Of course the designers also used digital computers, but in the 1960s computers were giant machines that you programmed with punched cards, and they were strictly reserved for only the most complex mathematical calculations. As the 40th anniversary of the Apollo 11 mission approaches, we are constantly reminded of how incredible that voyage was. Add to the incredulity the slide rule: the basic mathematical tool that helped get the astronauts to the moon and back.

The visitors who gathered around the Command Module on Space Day generally fell into two camps. Older visitors told me that they used a slide rule in school but hadn’t seen one in years, and they had completely forgotten how it worked. The younger visitors (i.e., those under 40!) had never seen one before, although a few had heard of them. I belong to the former group, having once been quite proficient while in high school. For this presentation, I got out the manual and taught myself all over again how to use it. It was not easy.

The National Air and Space Museum has preserved a few slide rules, including one carried by Apollo 13 astronauts on their April 1970 journey. The Museum also has on display the slide rule owned by Wernher von Braun, who headed the Marshall Spaceflight Center in Huntsville, Alabama during the Apollo era. It shows signs of heavy use. One other favorite of mine is the “Space Vehicle Pocket Designer,” a specialized circular rule that computes spacecraft payload and range, based on fuels and rocket engine efficiency. It was given to me by a mathematician who had just retired from a northern Virginia technology firm. When he gave it to me, the retiree said, “Congratulations, Paul, you are now officially a rocket scientist!” If only it were that easy.

Apollo astronauts carried slide rules, but by the time of the last mission to the Moon in 1972, the pocket calculator had been invented. On the Apollo-Soyuz mission in 1975, the last to use Apollo hardware, the crew carried a Hewlett-Packard pocket calculator that had more power than the on-board Apollo Guidance computer.

*Paul Ceruzzi is a curator specializing in aerospace computing and electronics in the Division of Space History at the National Air and Space Museum.*

Tags: apollo 11, ceruzzi, slide rule

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The slide rule story brings back fond memories for me. I was an undergraduate at the very competitive Harvey Mudd College (HMC) in Claremont, California at the time of this revolution. I used my prize winnings from my entry in the 1969 International Science Fair and money earned cutting lawns to purchase a Pickett Log-Log Decitrig slide rule at Cal State Fullerton prior to entering HMC. I would walk around on campus with the slide rule proudly hanging from my belt. I wore a white shirt, complete with a crammed pocket protector back then. (I blended in perfectly at HMC!)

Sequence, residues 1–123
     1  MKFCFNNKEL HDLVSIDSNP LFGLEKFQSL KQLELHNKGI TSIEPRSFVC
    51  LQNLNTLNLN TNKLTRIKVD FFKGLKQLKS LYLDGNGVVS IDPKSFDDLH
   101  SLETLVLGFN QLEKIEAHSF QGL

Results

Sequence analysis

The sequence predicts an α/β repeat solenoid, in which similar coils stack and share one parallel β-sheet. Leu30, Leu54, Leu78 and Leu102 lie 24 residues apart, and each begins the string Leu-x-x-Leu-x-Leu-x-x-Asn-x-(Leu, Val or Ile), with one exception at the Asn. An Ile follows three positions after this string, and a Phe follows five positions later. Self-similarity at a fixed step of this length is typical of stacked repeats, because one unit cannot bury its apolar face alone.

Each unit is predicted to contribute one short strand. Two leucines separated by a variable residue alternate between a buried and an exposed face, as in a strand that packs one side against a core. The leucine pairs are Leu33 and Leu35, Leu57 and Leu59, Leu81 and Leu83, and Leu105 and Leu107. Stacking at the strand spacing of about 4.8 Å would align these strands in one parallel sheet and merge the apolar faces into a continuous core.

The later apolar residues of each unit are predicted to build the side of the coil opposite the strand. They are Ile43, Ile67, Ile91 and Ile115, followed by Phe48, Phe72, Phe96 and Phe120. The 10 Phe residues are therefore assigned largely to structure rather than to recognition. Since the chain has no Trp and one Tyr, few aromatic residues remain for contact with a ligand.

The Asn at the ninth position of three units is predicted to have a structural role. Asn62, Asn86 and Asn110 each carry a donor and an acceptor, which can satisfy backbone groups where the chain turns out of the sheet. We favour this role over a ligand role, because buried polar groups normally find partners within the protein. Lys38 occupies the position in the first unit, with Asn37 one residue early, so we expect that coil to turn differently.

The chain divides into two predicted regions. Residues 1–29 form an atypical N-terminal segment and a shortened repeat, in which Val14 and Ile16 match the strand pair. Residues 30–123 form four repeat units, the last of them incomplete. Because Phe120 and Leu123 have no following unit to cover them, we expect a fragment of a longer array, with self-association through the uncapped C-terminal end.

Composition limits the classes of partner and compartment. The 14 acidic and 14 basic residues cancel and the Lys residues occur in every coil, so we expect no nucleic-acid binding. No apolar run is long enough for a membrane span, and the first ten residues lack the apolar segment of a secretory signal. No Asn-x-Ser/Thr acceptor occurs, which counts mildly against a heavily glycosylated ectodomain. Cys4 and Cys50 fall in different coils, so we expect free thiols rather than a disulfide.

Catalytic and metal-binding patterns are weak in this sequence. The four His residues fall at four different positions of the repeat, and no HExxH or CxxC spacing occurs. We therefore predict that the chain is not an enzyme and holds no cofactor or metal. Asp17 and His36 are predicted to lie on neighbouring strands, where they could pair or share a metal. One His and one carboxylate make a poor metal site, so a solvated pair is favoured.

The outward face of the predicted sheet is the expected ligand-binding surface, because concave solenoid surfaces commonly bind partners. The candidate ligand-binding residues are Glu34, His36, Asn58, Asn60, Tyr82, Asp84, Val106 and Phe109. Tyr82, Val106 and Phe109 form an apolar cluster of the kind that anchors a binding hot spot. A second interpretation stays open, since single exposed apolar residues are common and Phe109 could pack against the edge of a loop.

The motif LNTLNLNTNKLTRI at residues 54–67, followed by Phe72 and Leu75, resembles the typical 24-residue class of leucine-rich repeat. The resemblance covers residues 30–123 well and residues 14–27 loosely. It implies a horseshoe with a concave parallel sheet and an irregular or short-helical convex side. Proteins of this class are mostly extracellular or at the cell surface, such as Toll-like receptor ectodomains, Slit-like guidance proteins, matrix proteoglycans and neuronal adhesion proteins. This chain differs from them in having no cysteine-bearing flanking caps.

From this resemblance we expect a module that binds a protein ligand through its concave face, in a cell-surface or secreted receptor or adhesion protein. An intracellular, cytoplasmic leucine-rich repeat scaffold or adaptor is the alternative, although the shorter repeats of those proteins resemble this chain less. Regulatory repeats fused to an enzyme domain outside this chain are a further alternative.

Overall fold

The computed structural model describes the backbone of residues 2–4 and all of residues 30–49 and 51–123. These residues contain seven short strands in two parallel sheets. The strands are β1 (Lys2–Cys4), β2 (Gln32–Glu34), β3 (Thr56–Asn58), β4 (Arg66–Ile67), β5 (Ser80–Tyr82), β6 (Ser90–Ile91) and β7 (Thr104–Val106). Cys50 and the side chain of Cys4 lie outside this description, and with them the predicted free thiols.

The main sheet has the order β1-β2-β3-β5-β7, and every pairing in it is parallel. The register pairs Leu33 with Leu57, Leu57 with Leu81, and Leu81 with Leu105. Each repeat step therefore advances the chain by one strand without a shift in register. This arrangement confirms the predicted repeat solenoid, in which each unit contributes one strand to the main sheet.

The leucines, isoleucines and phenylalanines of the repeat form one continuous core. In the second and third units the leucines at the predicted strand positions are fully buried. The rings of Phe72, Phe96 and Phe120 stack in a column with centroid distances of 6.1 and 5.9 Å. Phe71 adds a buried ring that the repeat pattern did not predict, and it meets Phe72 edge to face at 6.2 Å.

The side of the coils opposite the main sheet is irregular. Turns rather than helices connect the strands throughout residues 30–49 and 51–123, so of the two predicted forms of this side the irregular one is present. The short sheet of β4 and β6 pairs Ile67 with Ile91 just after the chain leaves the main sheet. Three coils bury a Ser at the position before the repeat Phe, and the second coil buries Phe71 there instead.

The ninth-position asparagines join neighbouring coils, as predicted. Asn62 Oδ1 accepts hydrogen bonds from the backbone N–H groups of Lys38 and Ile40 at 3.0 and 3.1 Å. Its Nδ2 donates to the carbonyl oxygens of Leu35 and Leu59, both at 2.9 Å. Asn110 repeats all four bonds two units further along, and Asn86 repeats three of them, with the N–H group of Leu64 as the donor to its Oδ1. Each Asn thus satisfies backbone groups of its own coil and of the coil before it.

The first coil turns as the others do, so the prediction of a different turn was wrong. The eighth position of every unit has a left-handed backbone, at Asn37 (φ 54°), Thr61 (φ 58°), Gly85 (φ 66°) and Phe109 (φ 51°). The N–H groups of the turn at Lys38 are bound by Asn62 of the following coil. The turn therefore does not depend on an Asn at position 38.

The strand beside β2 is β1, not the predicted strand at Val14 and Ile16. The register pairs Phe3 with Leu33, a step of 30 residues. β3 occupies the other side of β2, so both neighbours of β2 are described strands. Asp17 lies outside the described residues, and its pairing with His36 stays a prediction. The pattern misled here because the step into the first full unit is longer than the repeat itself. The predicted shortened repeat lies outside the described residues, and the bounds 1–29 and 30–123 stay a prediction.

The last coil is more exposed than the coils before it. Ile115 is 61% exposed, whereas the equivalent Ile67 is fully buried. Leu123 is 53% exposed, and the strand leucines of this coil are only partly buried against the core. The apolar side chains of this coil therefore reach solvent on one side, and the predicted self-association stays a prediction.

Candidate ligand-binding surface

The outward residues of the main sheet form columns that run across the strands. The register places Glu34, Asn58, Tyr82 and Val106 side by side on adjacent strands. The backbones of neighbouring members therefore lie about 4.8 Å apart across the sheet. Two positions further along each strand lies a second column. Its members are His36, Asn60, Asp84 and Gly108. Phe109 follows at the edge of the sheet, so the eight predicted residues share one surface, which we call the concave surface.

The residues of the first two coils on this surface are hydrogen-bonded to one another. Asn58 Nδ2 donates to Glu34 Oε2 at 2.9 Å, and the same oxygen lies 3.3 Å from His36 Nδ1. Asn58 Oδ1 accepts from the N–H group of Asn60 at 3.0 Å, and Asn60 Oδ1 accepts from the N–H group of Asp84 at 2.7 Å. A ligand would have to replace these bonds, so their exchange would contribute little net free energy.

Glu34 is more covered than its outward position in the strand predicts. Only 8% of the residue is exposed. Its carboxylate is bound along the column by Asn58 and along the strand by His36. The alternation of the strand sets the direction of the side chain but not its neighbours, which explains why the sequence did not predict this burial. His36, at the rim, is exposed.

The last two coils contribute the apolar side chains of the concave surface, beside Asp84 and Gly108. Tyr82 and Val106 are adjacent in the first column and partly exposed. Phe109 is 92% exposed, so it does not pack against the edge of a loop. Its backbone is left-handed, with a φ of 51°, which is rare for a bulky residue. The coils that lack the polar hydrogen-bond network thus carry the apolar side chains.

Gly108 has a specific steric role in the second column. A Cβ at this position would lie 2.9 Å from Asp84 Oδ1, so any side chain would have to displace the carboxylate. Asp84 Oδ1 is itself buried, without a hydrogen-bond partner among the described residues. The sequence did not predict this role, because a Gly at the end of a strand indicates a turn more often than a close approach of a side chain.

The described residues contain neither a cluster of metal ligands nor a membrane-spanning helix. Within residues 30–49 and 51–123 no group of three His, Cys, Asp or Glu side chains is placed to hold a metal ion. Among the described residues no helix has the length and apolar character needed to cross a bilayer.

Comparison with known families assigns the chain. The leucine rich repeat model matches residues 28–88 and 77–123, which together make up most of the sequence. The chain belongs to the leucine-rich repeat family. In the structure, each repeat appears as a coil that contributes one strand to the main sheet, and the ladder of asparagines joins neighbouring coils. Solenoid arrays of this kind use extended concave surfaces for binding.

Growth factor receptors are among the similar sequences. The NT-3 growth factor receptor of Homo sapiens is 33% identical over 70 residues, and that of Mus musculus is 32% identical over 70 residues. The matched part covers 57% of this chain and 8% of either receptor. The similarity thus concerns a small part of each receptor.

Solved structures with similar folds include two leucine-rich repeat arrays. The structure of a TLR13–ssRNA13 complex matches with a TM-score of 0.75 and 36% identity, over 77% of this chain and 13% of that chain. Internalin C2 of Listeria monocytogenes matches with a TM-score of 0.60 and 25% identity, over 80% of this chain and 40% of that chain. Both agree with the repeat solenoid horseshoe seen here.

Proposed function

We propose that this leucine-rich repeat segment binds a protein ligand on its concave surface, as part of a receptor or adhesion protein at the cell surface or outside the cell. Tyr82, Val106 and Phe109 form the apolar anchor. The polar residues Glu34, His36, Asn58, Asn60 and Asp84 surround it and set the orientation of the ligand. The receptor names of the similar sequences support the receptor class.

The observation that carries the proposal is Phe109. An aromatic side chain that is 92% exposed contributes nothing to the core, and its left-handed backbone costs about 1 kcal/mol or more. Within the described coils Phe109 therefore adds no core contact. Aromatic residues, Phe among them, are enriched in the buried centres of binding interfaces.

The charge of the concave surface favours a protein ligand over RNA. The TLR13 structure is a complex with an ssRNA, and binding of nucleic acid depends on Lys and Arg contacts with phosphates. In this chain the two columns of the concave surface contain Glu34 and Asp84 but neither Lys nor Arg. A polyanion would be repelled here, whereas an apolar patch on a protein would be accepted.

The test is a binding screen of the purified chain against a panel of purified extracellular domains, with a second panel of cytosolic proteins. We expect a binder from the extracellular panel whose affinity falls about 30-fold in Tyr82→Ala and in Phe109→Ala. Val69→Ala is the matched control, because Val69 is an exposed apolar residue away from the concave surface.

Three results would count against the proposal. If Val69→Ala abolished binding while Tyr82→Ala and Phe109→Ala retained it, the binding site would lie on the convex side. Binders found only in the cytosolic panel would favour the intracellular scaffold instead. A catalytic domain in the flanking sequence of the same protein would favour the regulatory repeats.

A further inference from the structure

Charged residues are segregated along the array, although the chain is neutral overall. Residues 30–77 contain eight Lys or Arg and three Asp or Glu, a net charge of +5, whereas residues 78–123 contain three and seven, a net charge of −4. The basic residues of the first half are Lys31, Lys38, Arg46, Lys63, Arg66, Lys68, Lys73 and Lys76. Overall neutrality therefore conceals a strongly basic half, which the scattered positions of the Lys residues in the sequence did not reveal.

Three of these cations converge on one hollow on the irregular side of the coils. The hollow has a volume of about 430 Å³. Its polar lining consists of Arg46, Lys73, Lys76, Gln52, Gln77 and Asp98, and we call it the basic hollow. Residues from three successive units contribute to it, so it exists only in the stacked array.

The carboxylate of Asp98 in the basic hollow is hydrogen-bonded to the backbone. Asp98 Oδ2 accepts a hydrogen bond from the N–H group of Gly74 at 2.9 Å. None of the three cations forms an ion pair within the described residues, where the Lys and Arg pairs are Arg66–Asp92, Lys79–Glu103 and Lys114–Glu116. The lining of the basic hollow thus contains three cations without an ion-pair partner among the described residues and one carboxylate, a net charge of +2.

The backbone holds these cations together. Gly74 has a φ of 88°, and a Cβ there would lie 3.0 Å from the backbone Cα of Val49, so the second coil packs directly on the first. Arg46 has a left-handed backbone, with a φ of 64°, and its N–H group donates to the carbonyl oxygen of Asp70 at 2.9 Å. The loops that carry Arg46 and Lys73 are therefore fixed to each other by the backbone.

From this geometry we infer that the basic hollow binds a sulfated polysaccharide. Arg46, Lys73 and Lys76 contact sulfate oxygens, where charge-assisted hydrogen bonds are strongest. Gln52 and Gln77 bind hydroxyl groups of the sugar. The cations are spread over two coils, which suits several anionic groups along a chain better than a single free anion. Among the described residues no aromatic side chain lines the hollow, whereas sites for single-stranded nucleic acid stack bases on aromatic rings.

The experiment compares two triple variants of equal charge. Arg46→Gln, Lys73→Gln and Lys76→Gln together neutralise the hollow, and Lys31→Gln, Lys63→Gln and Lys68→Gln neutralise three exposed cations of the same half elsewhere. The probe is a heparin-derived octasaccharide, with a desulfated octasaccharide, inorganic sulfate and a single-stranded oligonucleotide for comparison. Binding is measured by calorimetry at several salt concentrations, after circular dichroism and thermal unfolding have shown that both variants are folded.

I had to occasionally insure that the three metal strips were properly aligned, using a screwdriver from my pocket protector to tighten the housing screws as necessary. Occasionally, I used a pencil lead on the metal grooves to provide dry lubrication. The slide rule is an application of the concept that adding logarithms of a pair of numbers is the same as multiplying those two values. (Division is the same as subtracting logs.)

In my senior year at HMC, my room mate was given one of the first HP-35s produced as a gift by a friend of his family. The speed and accuracy of his calculator impressed me. It was alot faster and quieter than the mechanical calculators we could use in the computer lab. (I was the senior operator of HMC’s IBM 1620 in the computer lab from 1972-1973. The HP-35 had comparable computing power to the IBM 1620.) By 1978, slide rules were only used to crack walnuts and stir beverages, according to a popular HMC quip. I still have my original Pickett slide rule.

While I was working at NASA-JPL during the summer of 1974, I purchased a HP-25C calculator. It was such a big deal that I was able to get one of my buddies there to engrave my name in the plastic housing to show that it was my personal property, not NASA’s. I purchased a number of scientific calculators since 1974. I keep a spare scientific calculator in my luggage now. It cost me $3.00 on sale.

As I continue to work with ever more powerful and compact computers as an information technology professional in 2009, I appreciate the revolution that the HP-35 began.

While most people under 40 have no clue how a slide rule works, there are a few of us that do!

Around the age of 20, I found my Dad’s slide rule (which he had briefly used in his younger years but had completely forgotten how to use) and set out to use my math and physics training to reverse engineer what everything did.

Now, at the age of 31, I have a collection of four slide rules (not including the E6-B flight computer that is actually used for flight training), and am happy to acquire as many as I can afford!

I am also attempting to gain some proficiency in using them for day-to-day calculations, just for the fun of saying I can. Indeed, I’m writing a little piece of software to give me ten minutes of practice problems each day so that I can impress all the other geeks out there.

I, too, enjoy showing people this tool, and have even learned an appreciation for these fine machines. They may not be nearly as fast as my computer, but they give an appreciation for numerical relationships that random digits on a screen cannot give.